Advocates in South Dakota have, for the second time in as many election cycles, turned in signatures to the Secretary of State’s office to force a vote on cannabis legalization, the Argus Leader reports. The signatures still need to be certified by the Secretary of State but the campaign, South Dakotans for Better Marijuana Laws, indicated an in-house screening process showed they had enough valid signatures to put the issue to voters in November.
In 2020, South Dakota voters legalized both adult-use and medical cannabis but a judge ultimately ruled the amendment invalid finding the reforms violated a 2018 law prohibiting constitutional amendment initiatives from dealing with multiple issues. The medical cannabis reforms, however, were enacted by the state.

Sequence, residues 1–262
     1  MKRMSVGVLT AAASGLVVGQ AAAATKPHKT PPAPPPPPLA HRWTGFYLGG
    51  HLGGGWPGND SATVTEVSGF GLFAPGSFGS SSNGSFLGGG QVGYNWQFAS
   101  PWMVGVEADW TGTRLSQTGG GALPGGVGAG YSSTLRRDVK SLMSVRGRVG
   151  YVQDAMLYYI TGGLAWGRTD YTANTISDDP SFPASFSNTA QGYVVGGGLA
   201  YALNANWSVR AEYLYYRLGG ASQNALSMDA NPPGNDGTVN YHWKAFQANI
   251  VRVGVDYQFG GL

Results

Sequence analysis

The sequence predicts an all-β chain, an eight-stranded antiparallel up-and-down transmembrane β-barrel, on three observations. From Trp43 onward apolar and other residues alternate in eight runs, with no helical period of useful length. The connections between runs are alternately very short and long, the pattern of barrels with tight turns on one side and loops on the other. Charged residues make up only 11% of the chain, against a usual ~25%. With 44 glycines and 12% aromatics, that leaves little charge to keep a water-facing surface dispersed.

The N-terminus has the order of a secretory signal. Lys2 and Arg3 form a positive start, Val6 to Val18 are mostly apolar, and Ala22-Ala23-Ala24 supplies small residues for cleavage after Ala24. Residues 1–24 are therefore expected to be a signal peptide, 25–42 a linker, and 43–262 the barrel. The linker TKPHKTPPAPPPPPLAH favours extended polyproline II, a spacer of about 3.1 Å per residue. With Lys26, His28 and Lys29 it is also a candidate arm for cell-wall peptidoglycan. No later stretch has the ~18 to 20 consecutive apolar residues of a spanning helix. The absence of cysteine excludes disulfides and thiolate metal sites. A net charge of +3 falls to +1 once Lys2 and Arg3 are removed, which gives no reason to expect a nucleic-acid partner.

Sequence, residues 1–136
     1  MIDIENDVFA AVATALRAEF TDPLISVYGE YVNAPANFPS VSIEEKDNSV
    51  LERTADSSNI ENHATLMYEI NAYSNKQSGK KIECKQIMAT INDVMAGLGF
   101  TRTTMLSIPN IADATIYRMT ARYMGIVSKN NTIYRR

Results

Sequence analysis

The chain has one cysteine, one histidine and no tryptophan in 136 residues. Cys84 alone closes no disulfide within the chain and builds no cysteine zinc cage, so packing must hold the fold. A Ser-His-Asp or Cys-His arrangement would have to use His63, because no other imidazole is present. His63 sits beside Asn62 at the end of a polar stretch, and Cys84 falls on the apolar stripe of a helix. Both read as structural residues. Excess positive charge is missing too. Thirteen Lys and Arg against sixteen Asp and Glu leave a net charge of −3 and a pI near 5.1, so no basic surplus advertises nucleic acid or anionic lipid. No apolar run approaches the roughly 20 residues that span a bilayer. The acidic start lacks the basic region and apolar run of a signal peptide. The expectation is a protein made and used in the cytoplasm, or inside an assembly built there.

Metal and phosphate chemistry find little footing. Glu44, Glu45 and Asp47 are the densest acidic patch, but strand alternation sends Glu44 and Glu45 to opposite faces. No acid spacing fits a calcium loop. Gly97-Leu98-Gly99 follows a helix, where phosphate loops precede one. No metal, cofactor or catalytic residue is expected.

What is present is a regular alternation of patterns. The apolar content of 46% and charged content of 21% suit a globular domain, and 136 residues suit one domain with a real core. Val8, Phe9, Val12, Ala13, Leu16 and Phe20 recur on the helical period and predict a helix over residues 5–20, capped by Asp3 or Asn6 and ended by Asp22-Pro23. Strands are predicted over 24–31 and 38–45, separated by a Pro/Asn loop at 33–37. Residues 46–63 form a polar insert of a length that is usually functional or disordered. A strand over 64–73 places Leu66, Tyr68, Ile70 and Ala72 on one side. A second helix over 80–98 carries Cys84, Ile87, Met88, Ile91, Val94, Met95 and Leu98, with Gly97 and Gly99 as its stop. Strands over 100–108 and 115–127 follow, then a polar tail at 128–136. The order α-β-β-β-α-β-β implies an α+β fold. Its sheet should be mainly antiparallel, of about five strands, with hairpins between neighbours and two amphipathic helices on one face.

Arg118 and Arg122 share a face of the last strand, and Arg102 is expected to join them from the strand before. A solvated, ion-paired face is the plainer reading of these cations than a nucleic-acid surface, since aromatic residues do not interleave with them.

Campaign Director Matt Schweich told the Leader that the group is “confident” their question would make the ballot but that organizers “have to respect the process and let the Secretary of State do its job.”
Instead of a constitutional amendment, advocates opted for an initiated measure that reduces the number of signatures from registered voters to qualify for the ballot. The initiative seeks to legalize cannabis for personal use, including possession and cultivation.
“This will withstand any potential lawsuits so we can avoid what happened after 2020,” Schweich told the Leader. “We don’t want to give politicians any kind of opening to thwart the will of the people.”
Schweich said the group collected 19,250 valid signatures while the initiated measure requires about 17,000.
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